Bringing Hollywood glitz to a Santa Ana courtroom, Franchise Pictures topper Elie Samaha told a federal court jury that his main expertise was getting top talent to do films for below-market prices.
By turns gregarious and testy, Samaha was called as an adverse witness by Intertainment attorney Scott Edelman. At his engaging best, Samaha’s testimony brought smiles and laughter to the normally silent jury.
German distributor Intertainment is suing Franchise for $100 million, claiming it was defrauded into paying for rights based on vastly inflated budgets for a slate of pics including “Get Carter” and “The Whole Nine Yards.”
Franchise maintains it had a secret agreement with Intertainment CEO Barry Baeres under which Intertainment would pay what was needed on a given picture, even though it was supposed to be limited by its distribution agreement with Franchise to paying just 47% of the budget on each film.
Samaha’s three hours of testimony Thursday ranged widely over subjects that included his background in the dry cleaning business, his film start and his philosophy of filmmaking.
Presumably, he will later testify about the central issue in the trial, the alleged secret deal with Baeres.
On the witness stand, Samaha said it was not until he hooked up with Baeres that he became involved in film financing.
Not necessarily in response to Edelman’s questions, Samaha volunteered that it was his philosophy that actors are paid too much. “I don’t think I need to pay an actor retail,” he said.
In other comments, he noted that he didn’t have a high school education, but said he was “very good with numbers.”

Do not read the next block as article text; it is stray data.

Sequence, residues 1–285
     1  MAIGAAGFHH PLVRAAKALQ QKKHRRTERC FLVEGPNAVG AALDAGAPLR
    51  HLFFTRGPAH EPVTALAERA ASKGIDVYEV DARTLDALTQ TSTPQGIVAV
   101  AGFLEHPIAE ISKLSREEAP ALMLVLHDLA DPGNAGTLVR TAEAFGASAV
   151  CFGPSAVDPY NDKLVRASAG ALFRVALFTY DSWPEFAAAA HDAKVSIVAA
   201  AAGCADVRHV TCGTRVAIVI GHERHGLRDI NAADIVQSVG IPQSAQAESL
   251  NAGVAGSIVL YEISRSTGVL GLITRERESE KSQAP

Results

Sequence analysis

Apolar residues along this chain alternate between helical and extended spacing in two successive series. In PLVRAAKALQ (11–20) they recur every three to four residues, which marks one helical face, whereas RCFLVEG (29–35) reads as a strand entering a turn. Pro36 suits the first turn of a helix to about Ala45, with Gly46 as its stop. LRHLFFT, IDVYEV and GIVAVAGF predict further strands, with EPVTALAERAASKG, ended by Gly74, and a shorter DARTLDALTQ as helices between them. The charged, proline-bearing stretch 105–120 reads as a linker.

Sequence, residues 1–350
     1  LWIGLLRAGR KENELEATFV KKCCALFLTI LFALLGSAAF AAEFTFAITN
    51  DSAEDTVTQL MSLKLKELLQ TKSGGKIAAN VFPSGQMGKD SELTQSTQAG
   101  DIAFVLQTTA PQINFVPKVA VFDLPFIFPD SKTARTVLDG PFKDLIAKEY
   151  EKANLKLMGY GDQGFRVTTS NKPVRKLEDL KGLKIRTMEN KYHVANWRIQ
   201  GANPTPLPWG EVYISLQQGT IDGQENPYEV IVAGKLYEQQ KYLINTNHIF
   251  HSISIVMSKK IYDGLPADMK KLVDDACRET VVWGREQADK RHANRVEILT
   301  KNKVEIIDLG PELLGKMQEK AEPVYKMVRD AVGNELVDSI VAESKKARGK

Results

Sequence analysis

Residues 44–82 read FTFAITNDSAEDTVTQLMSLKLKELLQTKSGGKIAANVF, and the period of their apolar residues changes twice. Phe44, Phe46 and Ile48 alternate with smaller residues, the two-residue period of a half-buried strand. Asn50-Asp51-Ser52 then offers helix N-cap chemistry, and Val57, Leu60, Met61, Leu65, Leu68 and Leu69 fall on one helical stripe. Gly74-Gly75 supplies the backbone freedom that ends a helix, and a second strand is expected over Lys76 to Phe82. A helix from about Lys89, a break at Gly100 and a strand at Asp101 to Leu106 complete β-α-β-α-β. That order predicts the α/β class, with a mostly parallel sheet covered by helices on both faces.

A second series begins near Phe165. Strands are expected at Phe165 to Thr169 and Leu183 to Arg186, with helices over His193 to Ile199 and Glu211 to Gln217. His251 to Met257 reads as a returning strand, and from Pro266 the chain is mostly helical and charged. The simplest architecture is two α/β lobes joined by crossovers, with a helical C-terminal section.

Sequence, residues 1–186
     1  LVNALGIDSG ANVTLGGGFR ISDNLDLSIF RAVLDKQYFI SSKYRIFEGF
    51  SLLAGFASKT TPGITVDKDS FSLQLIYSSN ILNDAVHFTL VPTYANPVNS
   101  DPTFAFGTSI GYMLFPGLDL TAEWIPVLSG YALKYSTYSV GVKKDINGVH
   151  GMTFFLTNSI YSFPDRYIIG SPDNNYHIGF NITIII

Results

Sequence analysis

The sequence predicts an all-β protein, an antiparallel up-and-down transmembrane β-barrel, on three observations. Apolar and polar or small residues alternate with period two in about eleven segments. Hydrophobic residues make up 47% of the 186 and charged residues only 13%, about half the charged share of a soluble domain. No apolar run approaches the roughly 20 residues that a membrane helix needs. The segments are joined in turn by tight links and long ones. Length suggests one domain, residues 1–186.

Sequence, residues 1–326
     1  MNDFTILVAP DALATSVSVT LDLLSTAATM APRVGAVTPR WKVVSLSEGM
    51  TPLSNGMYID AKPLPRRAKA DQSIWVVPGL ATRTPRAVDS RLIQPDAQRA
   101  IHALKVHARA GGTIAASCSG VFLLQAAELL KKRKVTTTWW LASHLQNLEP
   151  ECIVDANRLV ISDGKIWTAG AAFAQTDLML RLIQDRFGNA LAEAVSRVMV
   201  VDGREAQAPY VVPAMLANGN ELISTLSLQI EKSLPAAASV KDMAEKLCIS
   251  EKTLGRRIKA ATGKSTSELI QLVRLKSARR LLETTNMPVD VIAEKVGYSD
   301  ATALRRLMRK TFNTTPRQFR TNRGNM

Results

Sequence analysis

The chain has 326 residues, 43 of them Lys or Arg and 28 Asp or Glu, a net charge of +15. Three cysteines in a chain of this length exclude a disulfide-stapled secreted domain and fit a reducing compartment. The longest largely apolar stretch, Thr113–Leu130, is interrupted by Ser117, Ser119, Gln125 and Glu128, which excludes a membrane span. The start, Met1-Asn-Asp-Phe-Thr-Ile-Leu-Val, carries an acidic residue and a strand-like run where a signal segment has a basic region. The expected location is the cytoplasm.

Bantering with Edelman, he told the attorney he was sure he could get him into his celebrity nightclub White Lotus.
The testimony turned more tense when Edelman went through Samaha’s 1998 output deal with Morgan Creek, trying to get Samaha to concede that important deal points needed to be in writing.
Samaha admitted he wanted a written agreement from Morgan Creek’s Jim Robinson regarding advance payments for the film budget because he didn’t trust him.
“Robinson was very star-struck,” Samaha testified. “He said all sorts of things just to have dinner with John Travolta and Bruce Willis.”
By way of the Morgan Creek testimony, Edelman was able to show that another Samaha deal involved litigation and that Samaha had other forms of financing besides selling foreign distribution rights. That line of questioning was an attempt to counter the Franchise argument that Intertainment always knew it would have to put up more than 47% of a film’s budget because Samaha had no other source of funding.
Family fee spree
Edelman also questioned Samaha about various fees paid to a company called Glickson, which was formed by Samaha, his brother, his sister and former Franchise president Andrew Stevens and Stevens’ wife.
Samaha demanded a $750,000 bonus from Baeres to be paid to Glickson on three films that Intertainment distributed before they entered into the multipicture agreement. After the multipic agreement, the completion bond company also made payments to Glickson.
Samaha described the payments as “no-claim rebates,” but Edelman said the bond company has described them as “marketing fees.” He also noted that they were paid after the bank loans closed but before the pictures were completed, raising the question of how anyone knew there would be no claims on the bond.
After court, Franchise attorney Richard Schirtzer said, “Intertainment has spent two weeks putting on a trial. They have not put on the only witness that really matters, Barry Baeres. They want to see how everyone else testifies before he has to take the stand.”
In response, Edelman said, “We’ve been delighted to start with Franchise’s witnesses because they have been helpful in laying the foundation for the case and have been so effective for us. Barry’s story has always been consistent and he’ll be on the stand very shortly.”
Trial resumes Tuesday with Samaha expected to be on the stand all day.